Wednesday, April 22, 2009

Down syndrome organization in Ireland advocates for voting rights

From the Irish Times:

When EU Commissioner Charlie McCreevy sparked a row last year for asserting that he didn’t think any “sane, sensible person would be spending this weekend or next weekend” reading the Lisbon Treaty, he could have used a better choice of words – but he may have spoken for far more people than he realised.

Politicians in many jurisdictions and constituencies often make false assumptions about voters. A new European campaign due to be initiated here by Down Syndrome Ireland (DSI) aims to address this.

The My Opinion, My Vote campaign aims to give people with learning disabilities the knowledge and skills to form their own opinions and make informed political choices in elections, including the forthcoming European plebiscite.

As part of the project, the group has also become the lead organisation in Europe in translating the political manifestoes of all European parties into more digestible format.

Gráinne Murphy, independence officer with DSI, was the person charged with tackling that challenge. “We’ve manifestoes from five of the eight European political parties done so far, and the one thing that struck us is that we could find nothing relating to living with disability in any of the actual texts.

“All of the parties have committed to publishing the easy-to-read format on their websites, and the very fact that this initiative is taking place in this way may alert them all to this fact,” she says.

“It may also highlight the issue – as in the importance of recognising the rights and concerns of those living with disability – to politicians at national and local level,” she points out.

The campaign wasn’t initiated specifically to target public representatives on disability issues, she explains. “While we would like politicians to be aware, the focus is on encouraging people with a learning disability to exercise their vote at every level.

“In most, but not all, countries, this right is guaranteed, but the opportunity to do so is made very difficult at a practical level. The reality is that these citizens have not been acknowledged as a group.”

An estimated 0.1 per cent of Europeans have a learning disability at a time when life expectancy has increased considerably, the new campaign says. While self-advocacy is now a widespread approach, the campaign says that people with learning disabilities don’t tend to engage in political participation as electors, thereby not exercising their right to vote – although there are instances where families will encourage participation.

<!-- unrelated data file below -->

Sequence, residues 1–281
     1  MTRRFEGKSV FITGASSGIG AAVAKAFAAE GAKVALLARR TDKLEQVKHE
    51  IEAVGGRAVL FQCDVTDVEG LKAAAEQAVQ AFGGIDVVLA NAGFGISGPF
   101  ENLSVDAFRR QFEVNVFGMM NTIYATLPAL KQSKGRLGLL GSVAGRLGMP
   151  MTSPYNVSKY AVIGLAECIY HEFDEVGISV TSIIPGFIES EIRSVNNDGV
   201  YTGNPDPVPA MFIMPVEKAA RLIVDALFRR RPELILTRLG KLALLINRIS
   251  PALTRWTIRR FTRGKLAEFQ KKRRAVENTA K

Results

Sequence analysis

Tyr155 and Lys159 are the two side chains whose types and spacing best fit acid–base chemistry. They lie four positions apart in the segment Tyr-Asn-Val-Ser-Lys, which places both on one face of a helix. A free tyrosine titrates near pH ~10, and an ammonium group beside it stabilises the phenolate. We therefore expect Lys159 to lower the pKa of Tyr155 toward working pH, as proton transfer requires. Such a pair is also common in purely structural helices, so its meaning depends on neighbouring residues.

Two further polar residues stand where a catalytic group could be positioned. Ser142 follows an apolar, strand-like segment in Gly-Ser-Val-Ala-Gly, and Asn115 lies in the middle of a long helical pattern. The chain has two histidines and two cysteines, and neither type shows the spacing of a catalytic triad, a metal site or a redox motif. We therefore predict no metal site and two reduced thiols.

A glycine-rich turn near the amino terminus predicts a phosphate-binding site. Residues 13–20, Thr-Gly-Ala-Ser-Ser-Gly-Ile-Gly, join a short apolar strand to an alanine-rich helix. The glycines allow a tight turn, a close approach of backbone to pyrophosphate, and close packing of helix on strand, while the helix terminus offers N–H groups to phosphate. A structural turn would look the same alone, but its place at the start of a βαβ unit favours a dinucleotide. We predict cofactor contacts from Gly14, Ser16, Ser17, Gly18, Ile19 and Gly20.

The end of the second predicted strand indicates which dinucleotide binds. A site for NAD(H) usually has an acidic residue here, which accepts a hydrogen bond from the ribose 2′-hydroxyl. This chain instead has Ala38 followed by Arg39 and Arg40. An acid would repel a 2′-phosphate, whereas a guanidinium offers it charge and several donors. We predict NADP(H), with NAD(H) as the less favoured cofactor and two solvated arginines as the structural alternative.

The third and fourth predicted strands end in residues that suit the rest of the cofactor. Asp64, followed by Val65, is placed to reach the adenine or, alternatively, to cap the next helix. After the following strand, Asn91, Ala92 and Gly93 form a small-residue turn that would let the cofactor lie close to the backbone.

Access is an issue, however, and Murphy isn’t just talking about physical access to polling booths. “There’s the issue of manifestoes, as mentioned. We have also learned of many instances where a person with a disability opens their front door to a politician or party worker, and the canvasser more or less ignores them and asks to speak to their parent.”

Recognising this, Dr Paola Vulterini, who is associated with a Down syndrome group in Italy, discussed the issue with her counterparts in several EU member states.

Among those supporting her proposal for a specific campaign was Pat Clarke, former president and long-time activist with DSI. He is also a board member of the European Coalition on Community Living and is chairman of the 10th World Down Syndrome Congress which is to be held in Dublin this August.

The first campaign planning meeting was held in Malta last year, and the project now involves Ireland, through DSI, Italy, Hungary, Spain, Malta and Denmark. Murphy expects that a number of other organisations in other states will get involved as it gains momentum. Funding has been provided in part by the European Commission, with the balance being taken up by the relevant national organisations.

A website has been established, brochures and posters are being printed, and training programmes are being organised for 120 selected participants with disability from all over Europe. Some 20 of these are Irish, and have been nominated by DSI to take part in a training programme on political issues, which is being run in Galway and Dublin.

The 20 Irish candidates range in age from 18 to 37 years, and hail from counties across the State. “The idea is that they can test the training programme and it can then be rolled out far more widely,” Murphy explains.

Several MEPs have already promised support, with Fine Gael MEP Maireád McGuinness participating in a recent DSI group visit to the European Parliament
and the European Commission.

Fianna Fáil MEP Brian Crowley and Fine Gael MEP Colm Burke have also been in touch. As part of the campaign’s plan, it intends to disseminate the results of its work through setting up a European centre for the exercising of political rights by people with learning disabilities.